By – RAYHAN RAFIQ OMAR – Property Industry Eye

Well over 200 agents attended Friday’s inaugural Sales and Marketing LIVE event, organised by the Property Academy.

The event featured presentations from Guy Levine, founder of the business Return on Digital; Tony Morris of the Sales Doctors; and Malcolm Smith who is an expert on negotiation.

There was also a candid interview with Beth Hilson, marketing director of London estate agent Marsh and Parsons.

Levene provided some interesting insights into digital marketing.

He asked: “Are your property descriptions written for your customers?

“If they shop in Waitrose, but your brand looks like Aldi, there is a mismatch.”

He went on: “Fish where the fish are: they’re online.”

On agents’ websites, he told the story of an airport where the gents’ toilet floor was horrible: “Someone had the brainwave to paint an image of a fly in the urinal. Not a drop was wasted on the floor as men played ‘kill the fly’ with their stream.

“Some of you have thousands of people visiting your website: Are they doing what you want them to do?”

Mentioning that agents needed to “survive” thanks to “competitors nibbling at your heels”, Levine advised agents: “Own the customers – an email list can protect from disruption.”

Regular emails could, he said, answer people’s questions, give factual advice – for example about Stamp Duty – and feature information from interesting external sources, such as Debt Map UK.

Malcolm Smith said the best negotiators conveyed to purchasers that they were going to live in a particular home.

He said: “If you believe this is the home for me, I’ll believe it. I’m going to live here. Photos and measurements aren’t it.

“Engage with me emotionally.

“Don’t hide behind computer screens, like those people who don’t get it. You know, the ones we have special names for: employees.”

He also wondered out loud why “estate agents’ offices are so dull”.

Sales doctor Tony Morris reinforced this message by highlighting the difference between excellent negotiators and world-class sales people who not only serve the client in front of them but get the next customer.

As one example, he said agents could try asking tenants who were looking for new accommodation: “As the rental market moves so fast, I’d like to help you by quickly checking you’ve been a good tenant. Can I grab your landlord’s details?”

During one of the breaks, EYE spoke to Angela Ellis, head of marketing at Imagine Group, who passed on her own tip: “We recently had a ‘Draw your Home’ competition in the paper.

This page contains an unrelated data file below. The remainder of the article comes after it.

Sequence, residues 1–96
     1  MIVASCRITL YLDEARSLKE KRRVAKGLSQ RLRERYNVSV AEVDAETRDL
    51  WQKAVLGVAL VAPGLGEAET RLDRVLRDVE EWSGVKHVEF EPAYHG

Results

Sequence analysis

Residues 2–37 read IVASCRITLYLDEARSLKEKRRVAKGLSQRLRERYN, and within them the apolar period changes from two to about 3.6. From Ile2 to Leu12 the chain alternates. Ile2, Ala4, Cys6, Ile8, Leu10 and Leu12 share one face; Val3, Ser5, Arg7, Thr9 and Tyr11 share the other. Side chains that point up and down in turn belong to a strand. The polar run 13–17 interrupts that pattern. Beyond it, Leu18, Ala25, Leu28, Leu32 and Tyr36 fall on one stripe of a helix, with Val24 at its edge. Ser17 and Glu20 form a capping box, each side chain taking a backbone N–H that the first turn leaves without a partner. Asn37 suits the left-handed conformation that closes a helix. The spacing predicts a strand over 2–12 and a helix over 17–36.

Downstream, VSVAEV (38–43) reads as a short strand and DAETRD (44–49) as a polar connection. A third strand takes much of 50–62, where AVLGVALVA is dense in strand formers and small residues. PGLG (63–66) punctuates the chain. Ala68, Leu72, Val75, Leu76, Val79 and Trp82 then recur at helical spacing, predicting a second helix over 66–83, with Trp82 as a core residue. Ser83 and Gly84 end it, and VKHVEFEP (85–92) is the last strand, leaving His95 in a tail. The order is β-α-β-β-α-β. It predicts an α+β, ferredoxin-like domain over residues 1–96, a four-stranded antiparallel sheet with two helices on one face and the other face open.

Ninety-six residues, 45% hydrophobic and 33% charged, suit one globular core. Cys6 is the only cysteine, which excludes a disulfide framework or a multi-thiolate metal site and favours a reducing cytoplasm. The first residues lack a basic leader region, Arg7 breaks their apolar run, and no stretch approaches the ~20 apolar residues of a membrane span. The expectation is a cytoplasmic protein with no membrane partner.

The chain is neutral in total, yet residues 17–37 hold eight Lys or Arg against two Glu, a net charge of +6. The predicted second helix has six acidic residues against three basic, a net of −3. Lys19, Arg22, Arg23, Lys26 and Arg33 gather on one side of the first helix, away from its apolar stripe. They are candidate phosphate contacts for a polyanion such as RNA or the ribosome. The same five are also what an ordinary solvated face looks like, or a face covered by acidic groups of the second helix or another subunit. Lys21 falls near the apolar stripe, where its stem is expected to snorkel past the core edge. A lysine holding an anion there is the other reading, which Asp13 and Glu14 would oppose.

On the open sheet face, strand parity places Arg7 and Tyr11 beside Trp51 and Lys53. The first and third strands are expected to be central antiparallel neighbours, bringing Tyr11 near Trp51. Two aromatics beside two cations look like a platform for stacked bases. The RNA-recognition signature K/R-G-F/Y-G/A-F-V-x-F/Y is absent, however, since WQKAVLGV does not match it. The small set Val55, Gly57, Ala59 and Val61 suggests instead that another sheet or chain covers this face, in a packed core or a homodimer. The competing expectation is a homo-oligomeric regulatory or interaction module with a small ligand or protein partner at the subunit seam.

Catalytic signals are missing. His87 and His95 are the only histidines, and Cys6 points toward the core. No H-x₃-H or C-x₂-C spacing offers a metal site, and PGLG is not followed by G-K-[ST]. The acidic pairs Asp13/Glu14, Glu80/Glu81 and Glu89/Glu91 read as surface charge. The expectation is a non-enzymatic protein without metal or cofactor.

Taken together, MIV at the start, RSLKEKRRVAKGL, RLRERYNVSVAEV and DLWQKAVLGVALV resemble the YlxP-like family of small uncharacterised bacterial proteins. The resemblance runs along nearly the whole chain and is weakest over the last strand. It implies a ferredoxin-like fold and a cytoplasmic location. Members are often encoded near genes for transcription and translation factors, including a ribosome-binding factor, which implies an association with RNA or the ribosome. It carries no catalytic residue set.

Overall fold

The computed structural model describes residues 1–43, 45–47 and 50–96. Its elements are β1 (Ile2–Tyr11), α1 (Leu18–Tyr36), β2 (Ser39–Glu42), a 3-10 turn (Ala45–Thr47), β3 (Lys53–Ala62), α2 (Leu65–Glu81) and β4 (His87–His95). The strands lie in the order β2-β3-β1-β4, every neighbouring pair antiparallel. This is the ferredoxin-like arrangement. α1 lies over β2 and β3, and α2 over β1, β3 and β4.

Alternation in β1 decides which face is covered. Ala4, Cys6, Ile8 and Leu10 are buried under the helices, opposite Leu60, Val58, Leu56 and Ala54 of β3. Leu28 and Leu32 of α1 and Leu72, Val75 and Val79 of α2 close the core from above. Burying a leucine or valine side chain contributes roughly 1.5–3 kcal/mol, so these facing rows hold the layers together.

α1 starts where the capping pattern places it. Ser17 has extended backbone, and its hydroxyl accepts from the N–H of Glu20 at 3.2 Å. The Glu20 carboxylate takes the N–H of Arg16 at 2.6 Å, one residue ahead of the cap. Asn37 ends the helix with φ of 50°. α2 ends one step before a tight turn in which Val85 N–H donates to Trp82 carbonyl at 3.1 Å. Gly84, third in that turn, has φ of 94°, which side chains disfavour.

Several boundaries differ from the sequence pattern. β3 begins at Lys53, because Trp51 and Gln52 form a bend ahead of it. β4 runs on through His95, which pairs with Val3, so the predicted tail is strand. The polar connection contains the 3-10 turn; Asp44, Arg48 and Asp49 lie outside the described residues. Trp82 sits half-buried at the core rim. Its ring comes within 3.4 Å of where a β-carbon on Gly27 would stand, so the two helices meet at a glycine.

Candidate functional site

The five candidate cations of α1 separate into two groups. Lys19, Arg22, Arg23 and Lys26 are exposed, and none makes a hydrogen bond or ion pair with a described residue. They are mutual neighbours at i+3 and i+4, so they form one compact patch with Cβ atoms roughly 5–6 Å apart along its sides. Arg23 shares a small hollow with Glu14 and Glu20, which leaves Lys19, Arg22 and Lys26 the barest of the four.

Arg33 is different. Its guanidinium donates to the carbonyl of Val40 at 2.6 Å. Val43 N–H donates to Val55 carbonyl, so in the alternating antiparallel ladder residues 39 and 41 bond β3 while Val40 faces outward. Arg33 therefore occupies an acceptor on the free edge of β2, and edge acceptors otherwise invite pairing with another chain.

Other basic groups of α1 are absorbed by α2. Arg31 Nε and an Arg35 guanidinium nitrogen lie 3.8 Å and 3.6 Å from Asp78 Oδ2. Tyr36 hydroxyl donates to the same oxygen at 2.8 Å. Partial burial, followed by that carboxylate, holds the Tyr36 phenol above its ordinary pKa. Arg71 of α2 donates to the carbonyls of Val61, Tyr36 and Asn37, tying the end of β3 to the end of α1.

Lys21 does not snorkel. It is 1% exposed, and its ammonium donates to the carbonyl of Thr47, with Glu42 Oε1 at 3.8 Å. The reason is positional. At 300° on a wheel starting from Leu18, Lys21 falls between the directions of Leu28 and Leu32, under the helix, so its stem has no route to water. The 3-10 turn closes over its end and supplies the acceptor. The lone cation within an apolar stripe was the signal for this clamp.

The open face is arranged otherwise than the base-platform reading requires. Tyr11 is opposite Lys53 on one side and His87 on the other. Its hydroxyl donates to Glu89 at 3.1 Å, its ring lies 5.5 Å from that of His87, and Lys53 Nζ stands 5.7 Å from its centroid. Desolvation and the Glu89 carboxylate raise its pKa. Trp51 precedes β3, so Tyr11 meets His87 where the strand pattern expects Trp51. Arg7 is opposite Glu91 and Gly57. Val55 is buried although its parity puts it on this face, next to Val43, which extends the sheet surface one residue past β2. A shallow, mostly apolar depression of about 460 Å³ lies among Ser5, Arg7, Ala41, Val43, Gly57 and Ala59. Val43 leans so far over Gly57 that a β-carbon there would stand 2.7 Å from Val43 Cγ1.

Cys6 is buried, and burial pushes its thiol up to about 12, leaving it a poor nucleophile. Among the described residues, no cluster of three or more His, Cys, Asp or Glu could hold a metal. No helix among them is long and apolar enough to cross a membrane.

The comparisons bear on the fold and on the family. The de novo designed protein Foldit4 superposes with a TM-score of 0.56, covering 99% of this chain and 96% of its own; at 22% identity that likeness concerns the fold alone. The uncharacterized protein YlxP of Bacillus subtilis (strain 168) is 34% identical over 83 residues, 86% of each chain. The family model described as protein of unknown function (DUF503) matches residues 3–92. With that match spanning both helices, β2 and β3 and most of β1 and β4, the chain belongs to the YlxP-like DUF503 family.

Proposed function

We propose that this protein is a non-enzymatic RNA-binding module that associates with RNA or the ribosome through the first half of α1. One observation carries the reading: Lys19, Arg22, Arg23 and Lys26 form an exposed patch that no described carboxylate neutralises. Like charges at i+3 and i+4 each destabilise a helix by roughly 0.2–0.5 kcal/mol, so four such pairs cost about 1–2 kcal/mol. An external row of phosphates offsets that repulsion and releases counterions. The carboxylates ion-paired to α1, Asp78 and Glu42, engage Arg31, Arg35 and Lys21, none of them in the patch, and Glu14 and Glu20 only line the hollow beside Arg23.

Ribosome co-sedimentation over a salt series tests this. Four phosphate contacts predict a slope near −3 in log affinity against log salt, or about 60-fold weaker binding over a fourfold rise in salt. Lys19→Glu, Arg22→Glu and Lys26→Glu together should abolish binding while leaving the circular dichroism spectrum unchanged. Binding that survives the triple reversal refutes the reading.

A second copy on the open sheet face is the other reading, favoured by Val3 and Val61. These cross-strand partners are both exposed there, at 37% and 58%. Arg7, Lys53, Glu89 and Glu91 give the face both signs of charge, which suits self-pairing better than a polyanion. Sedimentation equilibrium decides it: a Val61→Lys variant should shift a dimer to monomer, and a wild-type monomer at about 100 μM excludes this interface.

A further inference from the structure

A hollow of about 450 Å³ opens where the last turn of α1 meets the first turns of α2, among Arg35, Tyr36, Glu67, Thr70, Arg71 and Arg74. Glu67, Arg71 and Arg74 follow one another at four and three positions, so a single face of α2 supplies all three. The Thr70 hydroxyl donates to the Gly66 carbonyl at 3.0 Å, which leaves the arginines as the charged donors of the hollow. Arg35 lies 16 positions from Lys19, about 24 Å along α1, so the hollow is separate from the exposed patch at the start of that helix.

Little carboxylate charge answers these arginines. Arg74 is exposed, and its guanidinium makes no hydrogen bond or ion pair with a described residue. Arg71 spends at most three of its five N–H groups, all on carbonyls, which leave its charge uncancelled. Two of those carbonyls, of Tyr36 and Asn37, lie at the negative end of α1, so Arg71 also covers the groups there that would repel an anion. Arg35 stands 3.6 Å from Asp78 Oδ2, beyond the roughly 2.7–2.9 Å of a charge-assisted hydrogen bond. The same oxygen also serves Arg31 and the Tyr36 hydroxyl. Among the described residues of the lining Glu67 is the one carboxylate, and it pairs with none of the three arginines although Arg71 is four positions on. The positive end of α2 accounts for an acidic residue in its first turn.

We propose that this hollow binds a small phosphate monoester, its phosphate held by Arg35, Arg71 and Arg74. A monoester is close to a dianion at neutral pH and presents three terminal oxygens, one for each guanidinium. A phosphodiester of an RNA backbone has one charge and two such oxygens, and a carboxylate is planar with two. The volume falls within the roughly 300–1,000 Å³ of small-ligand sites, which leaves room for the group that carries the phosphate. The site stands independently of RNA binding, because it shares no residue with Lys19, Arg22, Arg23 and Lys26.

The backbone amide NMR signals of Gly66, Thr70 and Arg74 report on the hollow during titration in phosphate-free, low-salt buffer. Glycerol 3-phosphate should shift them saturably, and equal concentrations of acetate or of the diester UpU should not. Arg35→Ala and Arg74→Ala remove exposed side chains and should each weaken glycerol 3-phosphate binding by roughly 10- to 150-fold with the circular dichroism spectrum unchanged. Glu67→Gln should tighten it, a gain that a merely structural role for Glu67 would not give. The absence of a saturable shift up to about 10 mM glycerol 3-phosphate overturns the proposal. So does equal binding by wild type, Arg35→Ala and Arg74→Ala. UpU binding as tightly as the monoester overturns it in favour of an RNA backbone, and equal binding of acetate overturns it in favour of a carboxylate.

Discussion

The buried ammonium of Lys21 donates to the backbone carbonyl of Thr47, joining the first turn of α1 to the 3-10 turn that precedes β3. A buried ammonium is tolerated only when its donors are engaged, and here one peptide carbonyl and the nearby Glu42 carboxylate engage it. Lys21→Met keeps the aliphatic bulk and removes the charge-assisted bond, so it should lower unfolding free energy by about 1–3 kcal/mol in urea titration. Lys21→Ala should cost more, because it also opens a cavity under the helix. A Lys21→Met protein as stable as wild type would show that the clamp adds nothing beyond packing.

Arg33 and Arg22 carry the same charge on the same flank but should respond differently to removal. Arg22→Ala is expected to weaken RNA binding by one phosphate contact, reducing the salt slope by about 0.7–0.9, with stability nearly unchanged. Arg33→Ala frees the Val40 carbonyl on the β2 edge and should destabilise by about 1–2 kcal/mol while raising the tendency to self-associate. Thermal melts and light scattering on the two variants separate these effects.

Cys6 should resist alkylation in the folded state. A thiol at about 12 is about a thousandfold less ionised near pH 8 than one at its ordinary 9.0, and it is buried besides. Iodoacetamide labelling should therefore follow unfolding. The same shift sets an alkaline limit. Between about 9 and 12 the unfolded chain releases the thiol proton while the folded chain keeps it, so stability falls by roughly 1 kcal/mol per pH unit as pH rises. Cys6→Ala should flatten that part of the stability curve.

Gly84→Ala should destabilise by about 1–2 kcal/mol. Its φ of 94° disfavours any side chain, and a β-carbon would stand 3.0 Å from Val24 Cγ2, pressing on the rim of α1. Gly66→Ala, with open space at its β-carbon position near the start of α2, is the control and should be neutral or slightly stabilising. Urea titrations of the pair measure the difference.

“It was amazing how many parents handed in their children’s work. We now regularly have an activity page for kids.

“It gives the paper longevity and helps people remember our brand.”

During the programme, Nicky Stevenson gave out nuggets of useful market information, drawn from the Home Moving Trends Survey 2015, which surveyed 5,420 people who were selling a property.

More than eight in ten said that being on Rightmove was their most important choice of marketing, way ahead of both Zoopla and OnTheMarket.

A total of 85% of sellers cited Rightmove as their top choice, with only 11% opting for Zoopla and 5% going for  OnTheMarket.

The most interesting results were that 55% of people visited an agent’s website before inviting them for a valuation, with only 32% visiting the agent’s office.

A staggering 82% of respondents did not choose the agent with the lowest fee.

After the event, I spoke to Nicky Stevenson.

She said: “Our mission is to inspire people to meet their unfulfilled potential. We often hear that the Property Academy is the best kept secret in the industry.”

Asked about the future of the industry, she said: “There’s definite change with technology.

“However, we think the right approach is ’embrace not replace’.

“Tech can help people remember you, but it’s not the thing they remember.

“It’s important to understand that an agent’s role is more than the transaction. We help our members get the basics right and understand the importance of passion and conversation.

“Email is not the same.

“Agents should aim to be the local trusted adviser, even when people aren’t moving. It’s important to not be seen as offering a commodity service.”

Members of the Property Academy pay £87 plus VAT per month to benefit from £2,916 worth of events, seminars and coaching through the year, including EA Live, ­ the event that precedes the Sunday Times and The Times Estate Agency of the Year Awards.